Genealogies of law and violence

A day or two ago I tried to show why I think it important to recover the history of bombing in order to stage an effective critique of its contemporary use.  But Dan Clayton has written to provide a compelling and more general reason to recover the historical arc of contemporary military violence, with this quotation from Michel Foucault‘s (1971) essay on ‘Nietzsche, Genealogy, History’:

“Humanity does not gradually progress from combat to combat until it arrives at universal reciprocity, where the rule of law finally replaces warfare; humanity installs each of its violences in a system of rules and thus proceeds from domination to domination.”

This essay can now be read in conjunction with Foucault’s recently published lectures on La volonté de savoir.  As Stuart Elden explains:

‘Despite Foucault’s oft-cited interest in Nietzsche, only a couple of pieces on him were ever published. The most sustained is the ‘Nietzsche, Genealogy, History’ piece published in 1971. Here [in the Lectures] Foucault develops different themes, especially concerning the history of truth, though there are moments where related issues emerge. Foucault uses Nietzsche to trace the invention of knowledge, and the later invention of truth, suggesting that for Nietzsche truth relates to the will “under the form of constraint and domination… not liberty but violence” (p. 206). He suggests that, following Nietzsche, and “against the warm softness of a phenomenon, we must develop the murderous tenacity of knowledge” (p. 198). His reading is influenced by works across Nietzsche’s career, especially early manuscripts on truth and The Birth of Tragedy, rather than just On the Genealogy of Morality.’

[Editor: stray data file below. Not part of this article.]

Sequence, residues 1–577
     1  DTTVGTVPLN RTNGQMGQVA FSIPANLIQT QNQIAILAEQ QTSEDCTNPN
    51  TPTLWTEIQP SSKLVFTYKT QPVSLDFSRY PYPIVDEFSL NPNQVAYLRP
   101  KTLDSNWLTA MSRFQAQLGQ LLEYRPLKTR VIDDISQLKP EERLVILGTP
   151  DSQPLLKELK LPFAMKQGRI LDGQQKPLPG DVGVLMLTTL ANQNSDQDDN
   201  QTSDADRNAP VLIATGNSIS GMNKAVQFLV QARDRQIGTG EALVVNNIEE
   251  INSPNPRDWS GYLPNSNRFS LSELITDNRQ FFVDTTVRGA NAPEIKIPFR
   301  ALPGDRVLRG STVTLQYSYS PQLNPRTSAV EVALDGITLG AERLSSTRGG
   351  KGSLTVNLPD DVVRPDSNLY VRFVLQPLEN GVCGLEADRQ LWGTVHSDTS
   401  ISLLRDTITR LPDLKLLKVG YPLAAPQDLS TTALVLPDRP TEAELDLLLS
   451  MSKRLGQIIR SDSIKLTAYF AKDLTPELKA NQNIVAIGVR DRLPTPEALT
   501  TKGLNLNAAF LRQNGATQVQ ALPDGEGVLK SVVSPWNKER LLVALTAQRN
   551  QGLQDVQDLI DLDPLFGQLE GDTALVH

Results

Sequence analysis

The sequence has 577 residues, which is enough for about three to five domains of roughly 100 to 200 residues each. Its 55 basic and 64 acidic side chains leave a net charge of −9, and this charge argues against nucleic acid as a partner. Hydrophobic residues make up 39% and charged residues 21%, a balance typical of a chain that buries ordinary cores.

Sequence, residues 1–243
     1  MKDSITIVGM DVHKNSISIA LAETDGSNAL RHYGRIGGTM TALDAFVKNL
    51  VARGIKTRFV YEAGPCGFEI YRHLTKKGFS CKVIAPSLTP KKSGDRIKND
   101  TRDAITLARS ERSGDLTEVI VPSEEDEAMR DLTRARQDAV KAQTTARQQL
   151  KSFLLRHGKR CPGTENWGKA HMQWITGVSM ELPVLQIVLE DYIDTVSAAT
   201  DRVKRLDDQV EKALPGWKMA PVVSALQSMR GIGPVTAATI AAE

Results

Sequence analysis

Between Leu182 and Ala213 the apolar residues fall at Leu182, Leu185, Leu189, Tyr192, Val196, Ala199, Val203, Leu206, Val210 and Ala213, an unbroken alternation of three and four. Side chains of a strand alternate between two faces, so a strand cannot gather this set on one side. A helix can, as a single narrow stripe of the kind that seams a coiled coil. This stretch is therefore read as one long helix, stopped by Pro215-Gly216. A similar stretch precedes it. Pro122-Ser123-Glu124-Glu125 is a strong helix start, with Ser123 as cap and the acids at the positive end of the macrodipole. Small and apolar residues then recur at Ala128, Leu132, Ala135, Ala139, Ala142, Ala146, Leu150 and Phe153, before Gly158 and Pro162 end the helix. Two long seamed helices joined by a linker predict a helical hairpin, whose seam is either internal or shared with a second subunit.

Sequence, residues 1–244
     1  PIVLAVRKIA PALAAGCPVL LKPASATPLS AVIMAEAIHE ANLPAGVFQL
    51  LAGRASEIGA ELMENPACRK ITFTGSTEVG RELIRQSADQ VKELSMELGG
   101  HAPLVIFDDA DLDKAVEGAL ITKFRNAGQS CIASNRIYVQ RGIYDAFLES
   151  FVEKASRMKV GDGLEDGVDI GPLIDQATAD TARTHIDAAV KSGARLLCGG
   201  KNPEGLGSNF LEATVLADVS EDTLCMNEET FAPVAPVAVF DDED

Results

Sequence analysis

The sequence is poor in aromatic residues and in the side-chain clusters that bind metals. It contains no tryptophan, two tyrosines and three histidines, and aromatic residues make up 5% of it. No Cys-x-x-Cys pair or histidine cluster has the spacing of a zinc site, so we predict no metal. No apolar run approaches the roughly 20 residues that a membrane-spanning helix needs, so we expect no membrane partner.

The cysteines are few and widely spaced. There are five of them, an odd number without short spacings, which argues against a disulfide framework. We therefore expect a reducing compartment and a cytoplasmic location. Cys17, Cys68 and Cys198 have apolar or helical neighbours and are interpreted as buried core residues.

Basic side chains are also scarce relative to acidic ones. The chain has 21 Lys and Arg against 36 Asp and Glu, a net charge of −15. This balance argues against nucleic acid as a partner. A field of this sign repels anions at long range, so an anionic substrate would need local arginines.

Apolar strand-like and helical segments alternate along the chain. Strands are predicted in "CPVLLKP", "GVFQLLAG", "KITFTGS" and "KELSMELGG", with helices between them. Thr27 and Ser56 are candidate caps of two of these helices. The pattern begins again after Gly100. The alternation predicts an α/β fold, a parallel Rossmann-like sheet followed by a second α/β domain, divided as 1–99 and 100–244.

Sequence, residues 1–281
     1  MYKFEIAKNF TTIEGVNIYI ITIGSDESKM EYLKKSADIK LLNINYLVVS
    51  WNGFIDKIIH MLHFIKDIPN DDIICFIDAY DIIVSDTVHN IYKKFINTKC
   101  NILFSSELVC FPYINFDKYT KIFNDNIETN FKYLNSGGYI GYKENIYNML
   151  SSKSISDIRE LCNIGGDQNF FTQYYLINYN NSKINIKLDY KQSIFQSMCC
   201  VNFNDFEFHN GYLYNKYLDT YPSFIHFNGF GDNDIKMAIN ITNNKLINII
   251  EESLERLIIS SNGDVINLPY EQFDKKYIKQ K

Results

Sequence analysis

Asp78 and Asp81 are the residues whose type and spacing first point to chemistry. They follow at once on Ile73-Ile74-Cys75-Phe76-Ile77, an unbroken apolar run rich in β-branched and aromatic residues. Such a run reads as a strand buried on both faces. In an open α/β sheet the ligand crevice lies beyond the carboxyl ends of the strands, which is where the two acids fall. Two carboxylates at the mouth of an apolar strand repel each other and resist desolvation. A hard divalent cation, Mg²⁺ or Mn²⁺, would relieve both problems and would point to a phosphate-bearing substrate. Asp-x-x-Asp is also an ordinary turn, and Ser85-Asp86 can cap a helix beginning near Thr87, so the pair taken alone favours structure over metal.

There’s a really helpful long review essay on the lectures by Michael Berhrent in Foucault Studies 13 (2012) 157-178 here (scroll down).